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Essential Black Metal Listening

Essential Black Metal Listening: ENSLAVED Yggdrasill

Though Enslaved has become renowned in metal circles for records like Isa, Ruun and RIITIIR, there’s no denying the power of the band’s early output. Frost and Vikingligr veldi are both crucial contributions to the canon of 2nd-wave black metal, but there’s something uniquely fascinating about any band’s primordial work, and 1992’s Yggdrasill is no exception.

Though Enslaved has become renowned in metal circles for records like Isa, Ruun and RIITIIR, there’s no denying the power of the band’s early output. Frost and Vikingligr veldi are both crucial contributions to the canon of 2nd-wave black metal, but there’s something uniquely fascinating about any band’s primordial work, and 1992’s Yggdrasill is no exception.

There’s a lot to be said for a band that evolves and grows over time, one that brings in new elements, thus transcending the limitations of its origins. But there’s also quite a lot to say about drawing the knives and going right for the throat. And though Enslaved has become renowned in metal circles for records like Isa, Ruun and RIITIIR, there’s no denying the power of the band’s early output. Frost and Vikingligr veldi are both crucial contributions to the canon of second wave black metal, but there’s something uniquely fascinating about any band’s primordial work, and 1992’s Yggdrasill is no exception.

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The title alone invokes images culled from Norse mythology, a subject that would prove to be the band’s imaginative goldmine. In case you don’t know, “Yggdrasill” is the name given to “world tree” which stretches out to the heavens and is visited upon by the Norse gods. And it’s influence as an idea in fantasy reaches all the way to the Tolkien mythos (see The Silmarillion). In 2015, “Norse” or “Viking” metal is a well-established schtick, one which is often reduced to silliness and references to “battle” and “glory” unmoored from the cultural backdrop from which they emerged. In their use of Norway’s unique Viking Age (~781-1100) history, Enslaved has always found a way to captivate without resorting to camp, and to revel in their heritage without succumbing to the neo-fascist tendencies of certain other black metal acts.

enslaved tape

With it’s raw production and excellent use of melody to carry the music forward, Yggdrasil stands both with and apart from the foundational works of orthodox black metal. Like Darkthrone’s post-Soulside Journey work and Emperor’s Wrath of the Tyrant, the record is incredibly raw, but lifted to the point of glory by the riffs and the tempo arrangements. And like those two bands, the origins of Enslaved lie in Norway’s short-lived but creatively volatile death metal scene (e.g. Old Funeral, Phobia, Thou Shalt Suffer) which by 1991 would morph into what we now associate with it.

And though the crisp and clear production on their modern work has its value, there’s something undeniably satisfying about such a dirty sound. Like the classics from other Norwegian (and Swedish) bands, the production is more a product of lack of professional recording resources. And yet, it’s the sound we most closely associate with “TRVE CVLT” black metal. A fortunate accident of metal history you could say.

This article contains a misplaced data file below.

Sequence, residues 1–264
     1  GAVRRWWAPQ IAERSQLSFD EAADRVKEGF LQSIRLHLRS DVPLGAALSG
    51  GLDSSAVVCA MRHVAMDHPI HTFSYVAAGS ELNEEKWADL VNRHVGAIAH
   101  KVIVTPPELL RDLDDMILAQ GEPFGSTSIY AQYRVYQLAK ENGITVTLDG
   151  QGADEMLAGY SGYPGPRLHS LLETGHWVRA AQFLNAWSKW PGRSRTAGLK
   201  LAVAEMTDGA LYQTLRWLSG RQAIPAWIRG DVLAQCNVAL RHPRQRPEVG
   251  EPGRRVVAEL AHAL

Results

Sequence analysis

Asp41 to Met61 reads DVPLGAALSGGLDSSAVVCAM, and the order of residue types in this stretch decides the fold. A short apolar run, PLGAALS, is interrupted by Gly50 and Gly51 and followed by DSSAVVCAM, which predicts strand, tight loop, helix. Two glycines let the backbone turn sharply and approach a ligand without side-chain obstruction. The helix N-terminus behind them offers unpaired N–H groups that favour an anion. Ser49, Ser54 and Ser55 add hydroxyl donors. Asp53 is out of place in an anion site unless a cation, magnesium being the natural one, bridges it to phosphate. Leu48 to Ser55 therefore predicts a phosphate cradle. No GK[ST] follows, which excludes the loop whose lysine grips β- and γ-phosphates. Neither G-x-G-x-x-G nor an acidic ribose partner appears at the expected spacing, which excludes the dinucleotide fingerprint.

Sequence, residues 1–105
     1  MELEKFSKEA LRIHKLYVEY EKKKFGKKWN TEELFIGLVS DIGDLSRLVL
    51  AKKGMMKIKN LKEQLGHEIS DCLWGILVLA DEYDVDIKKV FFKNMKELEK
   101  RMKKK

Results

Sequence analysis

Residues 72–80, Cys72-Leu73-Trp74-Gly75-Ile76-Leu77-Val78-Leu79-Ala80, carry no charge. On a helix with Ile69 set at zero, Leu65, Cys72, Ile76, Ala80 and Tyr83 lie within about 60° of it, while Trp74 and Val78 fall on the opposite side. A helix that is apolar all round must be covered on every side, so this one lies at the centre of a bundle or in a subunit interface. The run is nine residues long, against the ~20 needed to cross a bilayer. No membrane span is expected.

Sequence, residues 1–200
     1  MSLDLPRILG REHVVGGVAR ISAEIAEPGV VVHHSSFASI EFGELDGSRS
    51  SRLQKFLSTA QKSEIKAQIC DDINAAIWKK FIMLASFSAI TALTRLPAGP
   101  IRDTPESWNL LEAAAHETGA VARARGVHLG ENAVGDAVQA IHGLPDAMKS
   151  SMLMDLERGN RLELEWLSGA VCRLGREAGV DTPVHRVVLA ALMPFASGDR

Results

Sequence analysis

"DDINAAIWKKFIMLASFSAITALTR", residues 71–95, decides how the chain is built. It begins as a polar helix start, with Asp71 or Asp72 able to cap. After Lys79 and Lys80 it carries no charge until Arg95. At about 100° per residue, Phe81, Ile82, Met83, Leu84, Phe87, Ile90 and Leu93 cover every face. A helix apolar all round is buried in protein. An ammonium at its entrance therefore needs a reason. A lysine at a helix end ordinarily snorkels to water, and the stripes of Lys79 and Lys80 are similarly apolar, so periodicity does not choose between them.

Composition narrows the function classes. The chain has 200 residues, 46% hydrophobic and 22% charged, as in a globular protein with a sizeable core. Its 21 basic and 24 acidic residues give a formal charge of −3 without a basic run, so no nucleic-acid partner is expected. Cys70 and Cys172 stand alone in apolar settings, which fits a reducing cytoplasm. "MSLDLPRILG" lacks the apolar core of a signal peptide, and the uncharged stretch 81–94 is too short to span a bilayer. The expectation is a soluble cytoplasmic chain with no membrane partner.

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Actually, the record isn’t really considered a full album in Enslaved’s discography, more of an early demo. But it would see an official release in 1995 on a split alongside Satyricon’s The Forest is My Throne.

And like the record it shared that release with, Yggdrasill contains some of the most engaging pieces of raw black metal, all the more impressive considering the band’s youth (the founders were all in their teens at the time). With its organ intro and infectious tremolo riffing, “Hal Malr” is my personal favorite here. But the fist-pumping attack of “Allfǫðr Oðinn” is equally triumphant, aided by the effective use of synth as well. The vocals are much of what you expect from this sort of black metal, but are executed in that style of screech and scream that’s much imitated nowadays, but rarely bested.

But the band stood out early on. As the instrumental track, “Resound of Gjallarhorn” shows, the band was very adept at creating suspense and drama even without the use of screaming and pounding drums. And though it begins to approach the borderlands of cheesiness which Gehenna wound up placing at least one foot in with The First Spell, the blaring use of synth “Heimdallr” grabs your attention in a way that almost makes you smile at the band’s fearlessness here. Here was a band at its beginnings, before they became lauded for “branching out and doing things beyond dumb early black metal that’s so played out now, bro.” Oh sure, I’m still a fan; I even put RIITIIR up there with my favorites of 2012. But as we’re here to celebrate the essential canon of black metal as a genre on its own, there are few collections more enthralling than what a handful of Norwegian teenagers put together on Yggdrasill.

This post is a part of Black Metal History Month. See other black metal related articles here and pick up our official t-shirt

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